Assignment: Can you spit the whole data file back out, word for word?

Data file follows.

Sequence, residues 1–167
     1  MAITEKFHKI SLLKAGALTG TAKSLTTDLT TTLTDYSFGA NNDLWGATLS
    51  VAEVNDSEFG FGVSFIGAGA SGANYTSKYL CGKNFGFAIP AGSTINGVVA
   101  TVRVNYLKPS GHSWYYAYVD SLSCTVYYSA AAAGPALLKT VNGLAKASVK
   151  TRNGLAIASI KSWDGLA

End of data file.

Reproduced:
Sequence, residues 1–167
     1  MAITEKFHKI SLLKAGALTG TAKSLTTDLT TTLTDYSFGA NNDLWGATLS
    51  VAEVNDSEFG FGVSFIGAGA SGANYTSKYL CGKNFGFAIP AGSTINGVVA
   101  TVRVNYLKPS GHSWYYAYVD SLSCTVYYSA AAAGPALLKT VNGLAKASVK
   151  TRNGLAIASI KSWDGLA